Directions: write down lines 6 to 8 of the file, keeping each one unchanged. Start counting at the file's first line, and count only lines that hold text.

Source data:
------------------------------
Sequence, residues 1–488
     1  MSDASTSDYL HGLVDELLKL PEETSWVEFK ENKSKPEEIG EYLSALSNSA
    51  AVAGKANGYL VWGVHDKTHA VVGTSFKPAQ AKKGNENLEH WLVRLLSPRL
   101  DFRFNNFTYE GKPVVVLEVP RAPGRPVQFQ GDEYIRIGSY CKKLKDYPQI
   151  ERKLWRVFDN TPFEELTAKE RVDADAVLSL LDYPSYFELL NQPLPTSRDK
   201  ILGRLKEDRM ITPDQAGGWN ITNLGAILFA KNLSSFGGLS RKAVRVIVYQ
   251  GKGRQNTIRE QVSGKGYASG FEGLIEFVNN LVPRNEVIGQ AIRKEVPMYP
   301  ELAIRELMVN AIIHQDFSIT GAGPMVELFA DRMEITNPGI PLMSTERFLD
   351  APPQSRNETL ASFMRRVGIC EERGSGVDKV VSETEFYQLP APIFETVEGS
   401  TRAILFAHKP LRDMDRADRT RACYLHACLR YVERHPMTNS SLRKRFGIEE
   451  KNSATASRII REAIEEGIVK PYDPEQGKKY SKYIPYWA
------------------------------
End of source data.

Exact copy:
   201  ILGRLKEDRM ITPDQAGGWN ITNLGAILFA KNLSSFGGLS RKAVRVIVYQ
   251  GKGRQNTIRE QVSGKGYASG FEGLIEFVNN LVPRNEVIGQ AIRKEVPMYP
   301  ELAIRELMVN AIIHQDFSIT GAGPMVELFA DRMEITNPGI PLMSTERFLD